Gastroenterologists were more likely to recognize diet as having a role in the condition, and most of them reported giving dietary advice.
The Crohn’s and Colitis Foundation suggests IBS does not have a lot of similarities with colitis when it comes to causes. The causes of IBS may include:
Often the first help for a person living with IBS is dietary advice, as food could be part of the cause of the condition.
A 2017 study linked the condition to alcohol, caffeine, and spicy food, including red chili. Advice includes reducing the consumption of fatty foods and taking care with dietary fiber.
If a person has lactose intolerance and also avoids dairy, they should consider other ways to include calcium in their diet.
The study also pointed to a lack of evidence on whether gluten may worsen IBS symptoms.
A 2018 study found a link between IBS and adults who do not regularly exercise.
A 2017 study suggested a person should follow a regular meal pattern without skipping meals. They should not eat large portions at mealtimes and ensure that they sit down, eat slowly, and chew food carefully.
A 2019 study in Frontiers in Microbiology found links between inflammation in the gut and IBS. The inflammation could be the result of infection, stress, or a problem with gut function.
Frontiers in Microbiology also cited a connection between the gut and brain, suggesting that anxiety and depression could have links to IBS. It said the brain is responsible for IBS symptoms that involve the hypersensitive nerves in the intestines, with stress being a large influence on the communication between the gut and brain.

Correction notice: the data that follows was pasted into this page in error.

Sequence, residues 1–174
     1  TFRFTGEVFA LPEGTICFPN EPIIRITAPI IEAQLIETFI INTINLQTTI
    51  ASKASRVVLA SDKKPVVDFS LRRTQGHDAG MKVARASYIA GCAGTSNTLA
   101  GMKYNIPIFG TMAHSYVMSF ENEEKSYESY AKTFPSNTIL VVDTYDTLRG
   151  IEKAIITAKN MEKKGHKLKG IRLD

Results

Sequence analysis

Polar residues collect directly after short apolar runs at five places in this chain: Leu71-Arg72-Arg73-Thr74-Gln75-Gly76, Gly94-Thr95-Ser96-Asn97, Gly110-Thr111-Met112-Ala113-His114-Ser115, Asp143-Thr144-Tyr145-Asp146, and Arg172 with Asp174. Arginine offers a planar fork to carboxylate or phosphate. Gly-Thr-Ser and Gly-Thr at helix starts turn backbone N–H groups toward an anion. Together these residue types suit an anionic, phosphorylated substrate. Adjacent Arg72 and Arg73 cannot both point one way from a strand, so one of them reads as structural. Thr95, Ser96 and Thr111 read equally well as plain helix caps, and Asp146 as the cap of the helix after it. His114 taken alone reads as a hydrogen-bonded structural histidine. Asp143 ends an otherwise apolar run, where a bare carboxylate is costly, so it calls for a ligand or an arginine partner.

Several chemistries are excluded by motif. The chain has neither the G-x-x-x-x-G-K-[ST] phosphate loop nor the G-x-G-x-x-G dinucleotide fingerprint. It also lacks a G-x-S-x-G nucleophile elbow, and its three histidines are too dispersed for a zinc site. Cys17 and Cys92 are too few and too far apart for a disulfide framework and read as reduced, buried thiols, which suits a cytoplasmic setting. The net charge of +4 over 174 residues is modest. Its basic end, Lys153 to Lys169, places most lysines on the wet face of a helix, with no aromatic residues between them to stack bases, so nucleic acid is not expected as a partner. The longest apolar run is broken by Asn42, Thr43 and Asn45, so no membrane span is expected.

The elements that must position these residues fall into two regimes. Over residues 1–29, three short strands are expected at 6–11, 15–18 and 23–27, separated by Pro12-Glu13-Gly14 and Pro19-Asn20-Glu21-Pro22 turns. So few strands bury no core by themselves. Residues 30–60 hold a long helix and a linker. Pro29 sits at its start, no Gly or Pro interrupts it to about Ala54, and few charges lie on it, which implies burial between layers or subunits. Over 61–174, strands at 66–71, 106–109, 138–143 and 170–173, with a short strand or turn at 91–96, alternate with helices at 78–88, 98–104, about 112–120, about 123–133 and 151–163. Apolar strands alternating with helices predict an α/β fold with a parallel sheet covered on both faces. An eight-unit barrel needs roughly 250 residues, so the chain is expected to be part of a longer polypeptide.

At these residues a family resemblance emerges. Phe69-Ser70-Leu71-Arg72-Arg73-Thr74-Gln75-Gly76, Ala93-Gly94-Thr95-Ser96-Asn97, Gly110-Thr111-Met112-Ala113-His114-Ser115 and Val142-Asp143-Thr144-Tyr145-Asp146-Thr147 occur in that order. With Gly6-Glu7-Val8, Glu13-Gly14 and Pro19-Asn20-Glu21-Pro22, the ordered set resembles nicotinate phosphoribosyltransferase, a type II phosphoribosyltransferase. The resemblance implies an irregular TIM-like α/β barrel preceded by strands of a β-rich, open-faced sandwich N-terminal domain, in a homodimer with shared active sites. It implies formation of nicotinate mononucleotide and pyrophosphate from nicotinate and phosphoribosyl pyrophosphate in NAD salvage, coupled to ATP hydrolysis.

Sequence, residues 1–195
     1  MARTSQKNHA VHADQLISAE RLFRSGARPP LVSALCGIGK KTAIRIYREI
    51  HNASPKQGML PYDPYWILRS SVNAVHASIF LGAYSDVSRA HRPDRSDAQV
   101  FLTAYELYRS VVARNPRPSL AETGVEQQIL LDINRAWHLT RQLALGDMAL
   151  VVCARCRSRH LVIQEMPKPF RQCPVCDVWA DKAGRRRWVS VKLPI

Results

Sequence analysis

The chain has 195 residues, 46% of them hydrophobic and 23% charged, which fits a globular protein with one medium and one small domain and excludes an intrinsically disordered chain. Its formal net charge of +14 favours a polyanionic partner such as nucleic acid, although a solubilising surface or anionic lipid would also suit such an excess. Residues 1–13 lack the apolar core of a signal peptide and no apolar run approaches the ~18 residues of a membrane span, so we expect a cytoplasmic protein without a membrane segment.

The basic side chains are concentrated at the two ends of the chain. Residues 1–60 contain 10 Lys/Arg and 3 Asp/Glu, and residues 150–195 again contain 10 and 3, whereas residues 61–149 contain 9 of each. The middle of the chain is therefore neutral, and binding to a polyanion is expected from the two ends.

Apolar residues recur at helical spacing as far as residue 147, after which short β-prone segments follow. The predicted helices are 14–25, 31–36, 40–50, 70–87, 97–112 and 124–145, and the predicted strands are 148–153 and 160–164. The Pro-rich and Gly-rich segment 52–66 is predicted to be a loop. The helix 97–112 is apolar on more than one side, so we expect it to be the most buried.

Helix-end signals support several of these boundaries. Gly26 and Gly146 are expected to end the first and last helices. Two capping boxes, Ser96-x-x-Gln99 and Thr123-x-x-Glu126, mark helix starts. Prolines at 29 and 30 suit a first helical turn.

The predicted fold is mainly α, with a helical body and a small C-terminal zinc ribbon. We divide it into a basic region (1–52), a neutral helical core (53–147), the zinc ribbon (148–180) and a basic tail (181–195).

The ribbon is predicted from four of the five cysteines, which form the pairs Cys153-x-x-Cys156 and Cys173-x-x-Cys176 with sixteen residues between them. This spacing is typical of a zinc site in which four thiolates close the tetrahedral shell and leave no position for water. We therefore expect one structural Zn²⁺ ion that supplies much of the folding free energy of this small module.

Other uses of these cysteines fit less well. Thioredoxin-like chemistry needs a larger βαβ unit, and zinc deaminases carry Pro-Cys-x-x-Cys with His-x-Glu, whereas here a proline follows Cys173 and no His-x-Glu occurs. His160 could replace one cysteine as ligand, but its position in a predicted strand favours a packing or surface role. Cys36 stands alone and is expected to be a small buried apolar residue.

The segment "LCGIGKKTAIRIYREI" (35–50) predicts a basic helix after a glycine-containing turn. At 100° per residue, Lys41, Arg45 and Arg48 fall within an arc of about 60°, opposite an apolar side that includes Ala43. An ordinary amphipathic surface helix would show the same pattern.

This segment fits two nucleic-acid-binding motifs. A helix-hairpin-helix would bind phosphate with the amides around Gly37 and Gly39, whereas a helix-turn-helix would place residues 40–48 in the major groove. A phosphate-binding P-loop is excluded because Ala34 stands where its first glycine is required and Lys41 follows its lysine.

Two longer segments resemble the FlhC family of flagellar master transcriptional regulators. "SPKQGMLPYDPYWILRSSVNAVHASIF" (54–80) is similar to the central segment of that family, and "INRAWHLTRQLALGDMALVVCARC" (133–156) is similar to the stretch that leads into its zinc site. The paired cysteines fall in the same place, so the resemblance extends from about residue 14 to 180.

A 2018 study links antibiotics with an increased risk of developing IBS after up to 4 months of treatment.
According to the National Institute of Diabetes and Digestive and Kidney Diseases (NIDDK), treatment for IBS depends on the type of IBS that a person is living with.
If a person lives with IBS and has accompanying diarrhea, a healthcare professional may ask them to eat more fiber or avoid gluten. They may also advise them to do more physical activity, reduce their exposure to stress as much as possible, and ensure they get enough sleep.
A doctor may advise a person living with IBS and constipation to eat more soluble fiber. However, insoluble fiber, such as bran, will not help the condition. They may also advise a person to increase physical activity.
People widely use laxatives to treat constipation.
The NIDDK suggests that treatment for colitis will involve medication to help reduce inflammation.
Medication for colitis may include:
Natural remedies include:
Both IBS and colitis can affect a person’s quality of life and mental health. A person may undergo personalized treatment for both their mental and physical health.
A person living with IBS may find their treatment depends on the type of IBS. Symptoms can go into remission if a person improves their diet and reduces their stress.
Those living with colitis may find symptoms progress over time. Medication can become less effective, and a person may need surgery to manage symptoms and help them go into remission.
IBS and colitis are two different conditions. IBS is a syndrome that may have unpleasant symptoms, but the condition does not damage the colon and a person can typically manage their symptoms.
Colitis may be part of an IBD diagnosis. Individuals can manage colitis with conventional medication, natural remedies, or both. They may need surgery to relieve symptoms as the condition progresses.
Last medically reviewed on May 29, 2022